Quake victims desperate for new livelihood

DIGOS CITY -- Several earthquake victims were driven out of the mountains following the series of earthquakes that hit parts of Mindanao recently, thus, they badly need to find means to earn a living.

Gerney Bokuya has been supporting his family by harvesting coconut and rubber from trees growing in the upland areas of Magsaysay town, Davao del Sur.

In the recent assessment conducted by the Office of the Civil Defence-Davao, it was revealed that many hillside and mountainous areas were devastated by landslides - including the trail going to Bokuya’s farmland.

“It’s impossible to go to our field,” he said.

Two weeks after the first strong quake that hit the region in October, “The ground is very unstable and (we fear that) another earthquake will happen,” he narrated in vernacular.

Bokuya was at his home, made of hollow blocks and wood, when the tremor struck.

“That was the first time that we experienced a strong earthquake like that,” he said, pertaining to the October 16 6.3 magnitude earthquake.

Bokuya along with his wife and two children moved into an evacuation site in Barangay Upper Bala. Authorities also prohibited other locals from returning to their houses.

When the second earthquake struck in October 29, he was at the school with his wife.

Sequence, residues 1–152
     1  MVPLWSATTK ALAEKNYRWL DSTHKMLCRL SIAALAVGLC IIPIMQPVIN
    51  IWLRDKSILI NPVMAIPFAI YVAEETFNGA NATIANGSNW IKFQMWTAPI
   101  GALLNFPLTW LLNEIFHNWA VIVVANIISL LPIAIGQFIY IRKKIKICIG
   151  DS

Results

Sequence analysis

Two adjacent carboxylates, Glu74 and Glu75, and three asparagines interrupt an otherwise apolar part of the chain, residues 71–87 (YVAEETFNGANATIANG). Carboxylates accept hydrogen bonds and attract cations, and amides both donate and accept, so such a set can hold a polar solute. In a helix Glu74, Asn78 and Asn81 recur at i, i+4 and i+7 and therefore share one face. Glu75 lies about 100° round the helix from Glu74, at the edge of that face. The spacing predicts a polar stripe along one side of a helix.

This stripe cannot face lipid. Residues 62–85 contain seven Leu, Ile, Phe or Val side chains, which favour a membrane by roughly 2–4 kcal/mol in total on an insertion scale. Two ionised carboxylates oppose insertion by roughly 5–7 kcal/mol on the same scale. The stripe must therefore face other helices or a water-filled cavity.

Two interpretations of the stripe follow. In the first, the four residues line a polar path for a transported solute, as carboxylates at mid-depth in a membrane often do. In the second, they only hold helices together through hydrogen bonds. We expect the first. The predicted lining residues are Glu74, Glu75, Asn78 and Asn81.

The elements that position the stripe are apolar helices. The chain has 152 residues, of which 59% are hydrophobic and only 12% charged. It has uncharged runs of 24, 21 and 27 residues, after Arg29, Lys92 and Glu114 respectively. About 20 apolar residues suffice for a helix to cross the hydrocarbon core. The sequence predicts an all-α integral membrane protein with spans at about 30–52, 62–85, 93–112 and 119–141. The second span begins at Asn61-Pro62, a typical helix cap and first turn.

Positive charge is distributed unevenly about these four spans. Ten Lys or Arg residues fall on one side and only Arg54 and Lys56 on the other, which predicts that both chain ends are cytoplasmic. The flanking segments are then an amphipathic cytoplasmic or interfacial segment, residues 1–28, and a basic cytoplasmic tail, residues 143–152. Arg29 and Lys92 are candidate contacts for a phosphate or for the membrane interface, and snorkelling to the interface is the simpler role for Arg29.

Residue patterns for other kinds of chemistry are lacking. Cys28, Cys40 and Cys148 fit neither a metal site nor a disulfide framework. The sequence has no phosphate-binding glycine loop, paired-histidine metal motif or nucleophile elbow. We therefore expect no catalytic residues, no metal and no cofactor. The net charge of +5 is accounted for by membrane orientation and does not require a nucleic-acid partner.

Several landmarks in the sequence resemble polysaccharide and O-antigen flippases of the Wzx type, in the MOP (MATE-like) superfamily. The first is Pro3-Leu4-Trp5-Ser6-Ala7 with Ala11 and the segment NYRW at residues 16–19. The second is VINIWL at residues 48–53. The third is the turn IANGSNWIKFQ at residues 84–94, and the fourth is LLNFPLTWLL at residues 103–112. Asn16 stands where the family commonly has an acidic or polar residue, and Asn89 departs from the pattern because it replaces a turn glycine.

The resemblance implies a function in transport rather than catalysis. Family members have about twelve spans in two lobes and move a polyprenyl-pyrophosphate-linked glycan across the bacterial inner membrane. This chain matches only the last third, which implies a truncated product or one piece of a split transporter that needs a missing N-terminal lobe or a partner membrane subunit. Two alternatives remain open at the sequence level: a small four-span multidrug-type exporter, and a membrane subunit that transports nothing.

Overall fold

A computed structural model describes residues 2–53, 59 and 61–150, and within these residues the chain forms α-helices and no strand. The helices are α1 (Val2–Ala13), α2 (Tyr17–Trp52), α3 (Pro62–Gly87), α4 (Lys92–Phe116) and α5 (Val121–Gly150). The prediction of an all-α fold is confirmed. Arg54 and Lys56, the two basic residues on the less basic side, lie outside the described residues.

“We were really scared since we were inside a concrete building. You just forget about the drill and run outside,” he said.

Fortunately, they were at the evacuation site when the October 31 6.5-magnitude quake occurred.

Bokuya said he hugged his family as they watched smoke billow from the debris that fell from the mountains.

“We saw large rocks falling,” he said, adding that they could hear the cries of the old women in their community whenever there is a tremor.

But most of the time, his wife and 10-month-old baby are sleeping in another relative’s larger tent at the lower part of the evacuation camp.

“It’s too hot here. And when it suddenly rains, there is mud everywhere. Unlike in the upland where the climate is more pleasant,” he said.

Bokuya said they also miss the fresh food that they get from the mountains as they now rely on relief goods like noodles and canned meat.

He feels helpless about not being able to go to the field and work, especially since his family has other needs such as milk for their baby. “We don’t even have clothes because we left our house in such a hurry,” he said.

Bokuya also showed this writer the rest of the camp, with some men constructing more temporary shelters and women digging holes for makeshift toilets. (Orlando B. Dinoy)


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